‘NEET-ly’ shattered students flail to stay afloat, NTA offers no helpline

The release of the NEET 2024 results has plunged many students into a state of distress and uncertainty.

BySumit Jha

Published Jun 11, 2024 | 2:09 PM Updated Jun 11, 2024 | 2:09 PM


Suhail opted for a drop year to prepare for the National Eligibility-cum-Entrance Test (NEET) to chase his MBBS dream. Today, the Bengaluru student rues his decision.

“I believed that NEET benefited students who couldn’t afford private colleges. I thought if they studied well, they could get into medical colleges on merit. But this year, I’ve lost hope,” he said.

Suhail was among those who took the NEET and left disenchanted and shattered.

“I wasted time by taking a drop year. Last year, I had great opportunities at top engineering colleges in Chennai,” the student said.

“However, I chose to pursue MBBS and took a drop year, which now seems like a wrong decision due to the paper leak and corruption involving money to pass students. All my hard work has been wasted,” he told South First.

Related: Amid student suicides and suicide threats, allegations of a nationwide scam

NEET-ly depressed

Suhail has been staying strong despite the setback. A few others were not as strong as him.

“Three students have already committed suicide in the past 24 hours because of #NEET,” another student, who described himself as a “19-year-old dumb guy aspiring to be a doctor”,  posted on X.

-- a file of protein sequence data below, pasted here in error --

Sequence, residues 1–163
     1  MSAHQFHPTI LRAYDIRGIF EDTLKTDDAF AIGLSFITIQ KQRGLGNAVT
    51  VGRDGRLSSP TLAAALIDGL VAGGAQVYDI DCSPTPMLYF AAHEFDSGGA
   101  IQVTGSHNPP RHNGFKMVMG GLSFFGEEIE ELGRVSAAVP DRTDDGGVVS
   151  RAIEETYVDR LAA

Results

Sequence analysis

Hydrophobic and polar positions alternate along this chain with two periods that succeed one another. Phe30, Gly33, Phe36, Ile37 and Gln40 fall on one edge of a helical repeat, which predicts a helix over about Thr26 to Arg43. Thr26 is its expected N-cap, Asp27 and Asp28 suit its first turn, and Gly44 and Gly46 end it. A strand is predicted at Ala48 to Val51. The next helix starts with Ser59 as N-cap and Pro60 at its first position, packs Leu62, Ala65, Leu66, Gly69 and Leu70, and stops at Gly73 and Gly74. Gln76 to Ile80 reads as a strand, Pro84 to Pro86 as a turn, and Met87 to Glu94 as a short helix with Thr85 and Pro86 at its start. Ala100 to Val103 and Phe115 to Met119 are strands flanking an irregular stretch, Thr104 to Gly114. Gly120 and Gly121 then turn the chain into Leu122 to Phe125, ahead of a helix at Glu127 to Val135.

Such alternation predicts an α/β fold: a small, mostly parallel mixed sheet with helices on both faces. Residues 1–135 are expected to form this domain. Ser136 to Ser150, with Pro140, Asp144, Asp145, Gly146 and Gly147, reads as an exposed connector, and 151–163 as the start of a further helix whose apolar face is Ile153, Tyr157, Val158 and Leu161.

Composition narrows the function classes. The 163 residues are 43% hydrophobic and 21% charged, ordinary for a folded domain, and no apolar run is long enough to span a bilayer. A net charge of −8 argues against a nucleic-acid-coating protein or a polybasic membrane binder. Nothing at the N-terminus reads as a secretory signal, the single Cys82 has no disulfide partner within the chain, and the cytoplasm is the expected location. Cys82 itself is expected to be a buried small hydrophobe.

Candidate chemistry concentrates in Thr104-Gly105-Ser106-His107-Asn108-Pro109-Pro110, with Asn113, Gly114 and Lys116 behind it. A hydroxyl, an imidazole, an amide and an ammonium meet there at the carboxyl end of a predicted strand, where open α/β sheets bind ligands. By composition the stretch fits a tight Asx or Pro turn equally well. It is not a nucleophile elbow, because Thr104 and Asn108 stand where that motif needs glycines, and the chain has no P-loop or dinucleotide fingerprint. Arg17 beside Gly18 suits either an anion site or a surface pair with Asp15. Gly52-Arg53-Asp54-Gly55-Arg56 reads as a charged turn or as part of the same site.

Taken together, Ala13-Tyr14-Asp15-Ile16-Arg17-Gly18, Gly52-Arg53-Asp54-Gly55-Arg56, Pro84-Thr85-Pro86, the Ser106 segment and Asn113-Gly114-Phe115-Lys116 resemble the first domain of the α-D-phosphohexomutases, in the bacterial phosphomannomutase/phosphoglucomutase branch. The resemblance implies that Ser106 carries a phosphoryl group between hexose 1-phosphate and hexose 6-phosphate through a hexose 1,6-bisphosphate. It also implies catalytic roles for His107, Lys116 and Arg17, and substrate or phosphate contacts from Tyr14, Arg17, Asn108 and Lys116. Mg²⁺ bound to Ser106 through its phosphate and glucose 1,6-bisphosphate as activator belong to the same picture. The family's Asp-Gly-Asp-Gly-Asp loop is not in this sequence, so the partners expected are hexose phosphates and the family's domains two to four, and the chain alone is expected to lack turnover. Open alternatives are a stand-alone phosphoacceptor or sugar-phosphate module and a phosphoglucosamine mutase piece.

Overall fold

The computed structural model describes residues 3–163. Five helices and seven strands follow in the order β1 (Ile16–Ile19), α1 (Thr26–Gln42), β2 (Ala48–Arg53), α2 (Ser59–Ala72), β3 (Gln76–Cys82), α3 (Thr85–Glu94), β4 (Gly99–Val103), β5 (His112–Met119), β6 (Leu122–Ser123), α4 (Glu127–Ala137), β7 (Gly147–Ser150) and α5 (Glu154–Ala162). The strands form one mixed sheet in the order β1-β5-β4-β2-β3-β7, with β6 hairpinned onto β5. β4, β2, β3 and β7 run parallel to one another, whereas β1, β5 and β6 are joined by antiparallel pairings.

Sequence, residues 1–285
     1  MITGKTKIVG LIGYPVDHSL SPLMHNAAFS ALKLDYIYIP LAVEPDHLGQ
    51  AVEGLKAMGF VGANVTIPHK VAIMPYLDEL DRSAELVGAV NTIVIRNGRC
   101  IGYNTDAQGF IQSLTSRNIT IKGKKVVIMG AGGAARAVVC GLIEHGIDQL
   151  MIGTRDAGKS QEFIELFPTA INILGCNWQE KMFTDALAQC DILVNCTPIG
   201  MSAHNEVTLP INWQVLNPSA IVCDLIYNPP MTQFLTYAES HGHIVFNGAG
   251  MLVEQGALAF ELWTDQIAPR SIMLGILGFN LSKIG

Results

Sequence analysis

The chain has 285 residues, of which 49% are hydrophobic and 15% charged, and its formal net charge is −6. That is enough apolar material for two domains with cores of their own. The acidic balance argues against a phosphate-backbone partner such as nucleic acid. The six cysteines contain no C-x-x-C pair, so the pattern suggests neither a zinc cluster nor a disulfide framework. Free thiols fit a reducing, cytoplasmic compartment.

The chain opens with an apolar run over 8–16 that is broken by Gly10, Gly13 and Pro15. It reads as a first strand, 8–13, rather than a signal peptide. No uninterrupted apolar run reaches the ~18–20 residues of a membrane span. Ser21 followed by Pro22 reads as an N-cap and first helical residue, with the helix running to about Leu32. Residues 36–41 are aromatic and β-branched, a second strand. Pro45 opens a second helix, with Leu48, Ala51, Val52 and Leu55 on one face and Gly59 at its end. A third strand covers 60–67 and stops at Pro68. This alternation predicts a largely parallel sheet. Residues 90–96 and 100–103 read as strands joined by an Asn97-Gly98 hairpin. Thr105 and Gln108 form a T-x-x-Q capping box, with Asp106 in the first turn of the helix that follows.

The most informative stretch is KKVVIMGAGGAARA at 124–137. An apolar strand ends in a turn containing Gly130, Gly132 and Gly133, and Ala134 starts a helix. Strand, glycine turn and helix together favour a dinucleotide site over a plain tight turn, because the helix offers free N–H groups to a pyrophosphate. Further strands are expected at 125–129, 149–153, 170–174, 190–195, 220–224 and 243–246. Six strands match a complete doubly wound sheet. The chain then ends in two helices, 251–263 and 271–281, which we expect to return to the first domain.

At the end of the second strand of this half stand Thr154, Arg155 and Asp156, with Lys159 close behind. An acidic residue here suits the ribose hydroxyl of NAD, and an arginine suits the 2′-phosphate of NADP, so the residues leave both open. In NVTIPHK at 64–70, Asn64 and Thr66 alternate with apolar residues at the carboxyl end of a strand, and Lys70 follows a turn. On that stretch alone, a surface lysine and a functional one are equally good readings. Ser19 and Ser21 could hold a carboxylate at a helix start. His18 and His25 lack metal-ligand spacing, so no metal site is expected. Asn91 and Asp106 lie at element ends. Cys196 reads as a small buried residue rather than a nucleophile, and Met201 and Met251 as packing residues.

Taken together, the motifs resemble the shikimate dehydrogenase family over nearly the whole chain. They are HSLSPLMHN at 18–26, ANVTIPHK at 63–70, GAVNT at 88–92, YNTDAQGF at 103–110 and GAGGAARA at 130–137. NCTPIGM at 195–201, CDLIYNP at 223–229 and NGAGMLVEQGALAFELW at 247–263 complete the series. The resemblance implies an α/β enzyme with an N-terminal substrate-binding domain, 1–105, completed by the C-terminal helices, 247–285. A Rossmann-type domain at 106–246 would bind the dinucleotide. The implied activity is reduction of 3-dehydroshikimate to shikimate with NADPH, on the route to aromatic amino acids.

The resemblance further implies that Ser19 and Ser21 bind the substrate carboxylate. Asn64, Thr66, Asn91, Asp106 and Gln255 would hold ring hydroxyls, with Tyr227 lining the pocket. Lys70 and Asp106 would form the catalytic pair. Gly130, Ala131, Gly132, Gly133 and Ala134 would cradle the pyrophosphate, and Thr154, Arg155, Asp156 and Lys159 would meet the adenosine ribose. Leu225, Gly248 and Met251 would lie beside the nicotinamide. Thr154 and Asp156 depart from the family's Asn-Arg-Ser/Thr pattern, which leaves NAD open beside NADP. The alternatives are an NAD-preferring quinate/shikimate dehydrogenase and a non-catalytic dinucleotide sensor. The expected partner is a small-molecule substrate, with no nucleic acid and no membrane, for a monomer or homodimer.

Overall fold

“I might be on the same path. Getting 653 with a rank of 27k is criminal. Last year, the rank for this score was 7k. This is a scam. PLEASE HELP US @abhiandniyu @dhruvrahtee @poetnitish. Here is my result for proof.”

The NEET 2024 results announced on 4 June have plunged many students into a state of despair and uncertainty. It has made several students lose hope in the system and even contemplate killing themselves.

Social media is abuzz with students and even parents sharing the result’s impact on their mental health.

Related: Education Ministry sets up panel to review grace marks

NEET controversy

The NEET-UG 2024 results sparked widespread surprise and controversy.

An unprecedented 67 candidates achieved the All India Rank (AIR) 1, scoring full marks (720). This led to allegations on social media that the NEET paper might have been leaked in advance.

Scorecards showing marks of 718 or 719 also surfaced, raising further questions.

The controversy stemmed from NEET’s marking scheme, which awarded four marks for each correct answer and deducted one mark for each incorrect one.

Thus, after the full score of 720, the next possible score should be 716 if one question was left unanswered and 715 if one question was answered incorrectly. This discrepancy in scores fuelled suspicion.

Related: IMA junior doctors demand CBI probe, threaten to go on strike

Doubts over eight 720s

Adding to the speculation, the merit list released by the National Testing Agency (NTA) revealed that eight students, who took the exam in the same centre, scored 720 marks, further intensifying discussions about potential irregularities.

The higher cut-off scores made the chances of students scoring less than 660 marks slimmer in securing admission to government medical colleges.

The cut-off score was a sharp increase from the previous year when students with 600 marks secured seats in government colleges.

These concerns, in light of the rumours of the paper leak, have raised serious questions about the credibility of NEET 2024. The aftermath of these results has been particularly challenging due to several factors, including the alleged irregularities, paper leaks, and the overall competitiveness of the examination.